Causes of Taiwan Bridge Collapse Investigated

THURSDAY, MAY 28, 2020

At the beginning of the month, investigators from the Taiwan Transportation Safety Board announced that they were looking at several possible causes of last year’s Nanfang'ao Bridge collapse.

Occurring in October 2019, the failure crushed multiple fishing boats, injured dozens of people and caused six fatalities.

About the Bridge

Completed in 1998 by MAA Consultants (Bangkok, Thailand), the Nanfang'ao Bridge was built to replace a lower preexisting bridge that prevented large fishing boats from passing underneath, TIME reports. It measured 140 meters long (460 feet long) and was designed as a single-span arch bridge.

According to MAA, the bridge was the only single-span arch bridge in Taiwan to be supported by cables and the second single arch-cable steel bridge in the world. Prior to its collapse, the structure stood 18 meters high and was a popular tourist attraction in Yilan, Taiwan.

However, the Central News Agency reports that in 2016 a report on bridges in Yilan had discovered problems with the structure, stating that there were issues with the expansion joints. Designed to absorb changes in temperatures, motorists reported that they could sense an alteration in levels on either side of the joints, possibly a consequence of warping or other complications.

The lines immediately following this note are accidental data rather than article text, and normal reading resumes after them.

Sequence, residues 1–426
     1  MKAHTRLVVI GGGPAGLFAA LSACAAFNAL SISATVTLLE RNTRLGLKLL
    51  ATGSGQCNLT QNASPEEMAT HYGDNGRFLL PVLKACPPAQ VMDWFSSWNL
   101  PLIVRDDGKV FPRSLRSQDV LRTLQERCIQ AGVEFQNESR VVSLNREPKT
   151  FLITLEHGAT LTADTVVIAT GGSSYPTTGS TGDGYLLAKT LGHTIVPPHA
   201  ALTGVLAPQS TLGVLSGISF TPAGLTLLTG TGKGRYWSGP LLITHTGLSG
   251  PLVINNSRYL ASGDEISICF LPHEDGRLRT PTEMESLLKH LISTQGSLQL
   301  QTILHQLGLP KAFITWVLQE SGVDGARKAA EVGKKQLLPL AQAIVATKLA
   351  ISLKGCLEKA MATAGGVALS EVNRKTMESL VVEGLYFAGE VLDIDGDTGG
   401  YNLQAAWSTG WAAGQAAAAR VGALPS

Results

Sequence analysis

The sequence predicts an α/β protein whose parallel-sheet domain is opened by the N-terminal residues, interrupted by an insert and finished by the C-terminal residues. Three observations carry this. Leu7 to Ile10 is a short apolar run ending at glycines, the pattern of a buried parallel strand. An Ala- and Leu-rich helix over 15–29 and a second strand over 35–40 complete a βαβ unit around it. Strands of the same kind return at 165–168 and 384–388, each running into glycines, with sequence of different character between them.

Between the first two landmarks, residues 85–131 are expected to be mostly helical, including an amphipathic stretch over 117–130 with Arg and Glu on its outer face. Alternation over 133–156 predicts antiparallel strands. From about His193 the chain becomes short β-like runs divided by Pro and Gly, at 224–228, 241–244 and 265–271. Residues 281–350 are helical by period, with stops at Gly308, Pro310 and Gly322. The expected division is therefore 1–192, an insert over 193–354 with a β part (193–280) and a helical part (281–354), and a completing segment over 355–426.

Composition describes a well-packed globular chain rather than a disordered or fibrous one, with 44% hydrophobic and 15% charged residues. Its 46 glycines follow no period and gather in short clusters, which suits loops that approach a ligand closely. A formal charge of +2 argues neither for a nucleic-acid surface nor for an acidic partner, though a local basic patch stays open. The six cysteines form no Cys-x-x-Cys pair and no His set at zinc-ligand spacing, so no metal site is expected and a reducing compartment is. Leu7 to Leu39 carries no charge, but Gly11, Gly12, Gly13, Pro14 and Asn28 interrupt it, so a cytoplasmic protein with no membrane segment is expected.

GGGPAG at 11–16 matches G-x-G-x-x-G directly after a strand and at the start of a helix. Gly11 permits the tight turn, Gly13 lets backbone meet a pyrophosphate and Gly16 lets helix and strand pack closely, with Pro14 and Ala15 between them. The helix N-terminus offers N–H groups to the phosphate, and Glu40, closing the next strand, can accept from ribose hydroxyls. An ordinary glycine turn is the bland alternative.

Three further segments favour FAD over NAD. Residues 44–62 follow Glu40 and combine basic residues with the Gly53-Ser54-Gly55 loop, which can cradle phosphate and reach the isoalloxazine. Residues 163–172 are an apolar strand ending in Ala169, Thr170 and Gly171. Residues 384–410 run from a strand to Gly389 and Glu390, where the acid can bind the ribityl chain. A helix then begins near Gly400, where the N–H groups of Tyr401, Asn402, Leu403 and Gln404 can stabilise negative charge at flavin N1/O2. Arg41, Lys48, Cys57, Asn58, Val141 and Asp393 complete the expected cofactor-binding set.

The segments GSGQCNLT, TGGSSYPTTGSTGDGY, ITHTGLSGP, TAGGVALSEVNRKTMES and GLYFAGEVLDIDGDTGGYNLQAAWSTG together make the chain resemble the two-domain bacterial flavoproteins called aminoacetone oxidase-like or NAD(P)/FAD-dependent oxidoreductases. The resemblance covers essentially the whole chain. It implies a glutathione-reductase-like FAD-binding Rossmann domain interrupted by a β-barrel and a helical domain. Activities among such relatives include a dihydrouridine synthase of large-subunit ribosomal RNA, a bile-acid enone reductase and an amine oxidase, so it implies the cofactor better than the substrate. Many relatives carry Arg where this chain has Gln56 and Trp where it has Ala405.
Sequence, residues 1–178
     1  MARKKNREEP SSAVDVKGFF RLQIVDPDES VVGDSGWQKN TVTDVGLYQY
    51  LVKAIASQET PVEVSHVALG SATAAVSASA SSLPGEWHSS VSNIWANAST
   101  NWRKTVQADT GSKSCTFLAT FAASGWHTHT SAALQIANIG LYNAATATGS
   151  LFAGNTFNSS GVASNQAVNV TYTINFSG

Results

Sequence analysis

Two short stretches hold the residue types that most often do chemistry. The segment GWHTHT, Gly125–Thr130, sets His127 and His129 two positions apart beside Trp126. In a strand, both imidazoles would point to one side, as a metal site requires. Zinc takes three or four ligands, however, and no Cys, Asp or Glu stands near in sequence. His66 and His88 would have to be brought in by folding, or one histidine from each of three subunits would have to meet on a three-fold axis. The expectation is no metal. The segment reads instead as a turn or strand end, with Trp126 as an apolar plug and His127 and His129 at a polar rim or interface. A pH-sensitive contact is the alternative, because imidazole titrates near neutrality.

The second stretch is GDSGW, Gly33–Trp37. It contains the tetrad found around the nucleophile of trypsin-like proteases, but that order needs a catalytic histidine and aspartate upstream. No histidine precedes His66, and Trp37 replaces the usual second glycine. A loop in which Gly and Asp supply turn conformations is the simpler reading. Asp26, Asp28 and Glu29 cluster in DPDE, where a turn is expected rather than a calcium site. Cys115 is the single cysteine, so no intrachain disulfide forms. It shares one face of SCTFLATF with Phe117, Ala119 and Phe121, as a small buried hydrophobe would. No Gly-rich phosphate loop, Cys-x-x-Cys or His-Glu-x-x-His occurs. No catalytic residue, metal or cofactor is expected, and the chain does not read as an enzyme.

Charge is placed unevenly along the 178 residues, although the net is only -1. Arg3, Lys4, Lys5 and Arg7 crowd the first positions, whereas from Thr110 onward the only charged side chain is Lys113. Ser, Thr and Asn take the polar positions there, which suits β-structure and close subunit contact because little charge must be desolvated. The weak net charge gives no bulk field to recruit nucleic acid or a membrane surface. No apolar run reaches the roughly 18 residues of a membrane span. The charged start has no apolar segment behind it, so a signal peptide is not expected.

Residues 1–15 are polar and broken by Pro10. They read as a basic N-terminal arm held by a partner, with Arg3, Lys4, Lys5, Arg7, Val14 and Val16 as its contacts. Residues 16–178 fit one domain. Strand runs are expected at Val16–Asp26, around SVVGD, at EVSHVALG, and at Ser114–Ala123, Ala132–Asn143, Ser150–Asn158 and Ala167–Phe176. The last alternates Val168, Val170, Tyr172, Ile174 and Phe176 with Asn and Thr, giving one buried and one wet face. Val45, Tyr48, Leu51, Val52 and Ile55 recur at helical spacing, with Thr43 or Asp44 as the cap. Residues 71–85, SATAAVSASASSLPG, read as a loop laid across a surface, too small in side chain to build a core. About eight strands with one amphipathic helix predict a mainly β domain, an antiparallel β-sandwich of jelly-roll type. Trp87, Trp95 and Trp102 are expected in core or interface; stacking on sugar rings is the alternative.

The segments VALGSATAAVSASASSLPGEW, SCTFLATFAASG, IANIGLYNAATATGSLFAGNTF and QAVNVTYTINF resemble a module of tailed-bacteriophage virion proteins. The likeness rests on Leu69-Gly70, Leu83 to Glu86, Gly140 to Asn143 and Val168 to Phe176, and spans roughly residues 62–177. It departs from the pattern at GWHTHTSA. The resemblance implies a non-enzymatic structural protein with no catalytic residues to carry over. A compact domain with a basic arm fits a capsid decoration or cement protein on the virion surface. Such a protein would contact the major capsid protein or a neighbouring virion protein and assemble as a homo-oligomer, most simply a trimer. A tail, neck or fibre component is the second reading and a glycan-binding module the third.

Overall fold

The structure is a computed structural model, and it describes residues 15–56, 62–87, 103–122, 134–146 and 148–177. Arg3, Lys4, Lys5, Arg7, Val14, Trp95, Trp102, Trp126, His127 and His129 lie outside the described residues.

These issues were stated to be resolved by Taiwan International Ports Corporation, Ltd.—the company responsible for managing the bridge—in 2017 and 2018 when the joints were cleaned, along with the maintenance and repair of rusted steel reinforcements, guardrails and other issues.

On Oct. 1, 2019, the structure collapsed around 9:30 a.m. local time. The evening before, the bridge was reported to have endured Typhoon Mitag, although reports claim that 137 kilometers per hour (85 mph) wind gusts affected the island before moving to the northeast, where the bridge is located. Disaster relief officials wouldn’t say if the storm had weakened the bridge.

A Taiwanese oil tanker driver and nine Filipino and Indonesian fishermen were sent to nearby hospitals, six of whom were reported to have serious injuries.

Following the incident, Taiwan’s military deployed a floating platform to help rescue workers, remove debris and extract boats. Two workers were also reported to have experienced injuries during rescue efforts.

Following the collapse, an investigation was opened, focusing on possible corrosion in suspension cables caused by saltwater ingress. At the time, independent bridge consultant Simon Bourne, suggested that problems with the suspension cables could have triggered the catastrophic collapse.

“There are only three [main] elements to the bridge—the compressive arch, the tension hangers that hold the deck up and the tension tie in the deck itself. The arch looks fine, even up to the point it hits the water,” Bourne said.

“Halfway through the collapse, all (or most) of the tension hangers seem to have failed—it is too early to tell if this was the cause or the result of the collapse.”